9. airmom1c05

    airmom1c05 Songster

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    First of all, you should quarantine new birds to make sure they don't get disease symptoms before introducing them to your current flock. Lots of folks don't mix different ages together at all, but a few do successfully which is what I am doing. I am trying to make separate housing arrangements for my bantams and large fowl however because the large birds knock over the small birds food and water too often! [​IMG]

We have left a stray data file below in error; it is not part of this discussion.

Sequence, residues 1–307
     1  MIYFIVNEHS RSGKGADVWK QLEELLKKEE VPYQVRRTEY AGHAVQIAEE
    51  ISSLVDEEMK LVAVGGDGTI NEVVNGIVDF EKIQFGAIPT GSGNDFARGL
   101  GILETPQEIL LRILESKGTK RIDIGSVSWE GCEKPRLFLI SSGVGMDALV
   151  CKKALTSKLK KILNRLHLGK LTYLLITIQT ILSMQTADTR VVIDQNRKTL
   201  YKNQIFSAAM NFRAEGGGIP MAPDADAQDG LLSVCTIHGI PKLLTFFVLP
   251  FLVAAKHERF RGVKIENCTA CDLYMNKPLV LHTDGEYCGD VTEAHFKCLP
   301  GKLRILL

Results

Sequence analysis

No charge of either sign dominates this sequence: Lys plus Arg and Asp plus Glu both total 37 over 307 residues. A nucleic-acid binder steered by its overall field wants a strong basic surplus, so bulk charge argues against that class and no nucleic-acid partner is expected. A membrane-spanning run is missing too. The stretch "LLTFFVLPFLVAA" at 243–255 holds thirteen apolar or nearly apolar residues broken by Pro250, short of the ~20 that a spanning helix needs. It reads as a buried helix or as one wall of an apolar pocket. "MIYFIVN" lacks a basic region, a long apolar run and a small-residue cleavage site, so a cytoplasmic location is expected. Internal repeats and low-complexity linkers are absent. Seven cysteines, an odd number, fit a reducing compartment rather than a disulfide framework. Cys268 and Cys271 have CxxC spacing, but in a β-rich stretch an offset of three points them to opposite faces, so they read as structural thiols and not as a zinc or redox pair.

Existing birds tend to freak out when they meet new birds more than the other way around in my experience. New birds just react by showing a bit of fear and they seem a little lost if they're up in age a bit. Existing flock generally have the upper hand with new birds, so when introducing them it is best to separate them in the pen with chicken wire barriers until they get used to even just looking at one another. It is also a good idea to slip the new ones into the coop after the old ones are roosting. They don't see well in the dark (if at all), and a fight is not likely to start then. In the daytime, the first time you put them all together, it is best to let them all out of the pen to free range because they are all so busy scratching for insects and worms that they hardly notice each other! LOL! When the barrier is removed in the pen, I like to keep a close watch on them to be certain any disagreements appear to be normal pecking order behavior and to make sure no blood is drawn. If that should happen, either the attacker or the attackee should be put in an isolation pen if possible within the sight of all the others. If the attacked can be doctored simply by applying antiseptic and antibiotic ointment, the attacker is imprisoned. If the attacked bird is more seriously injured, it is placed in the "hospital" pen and a possible vet visit occurs.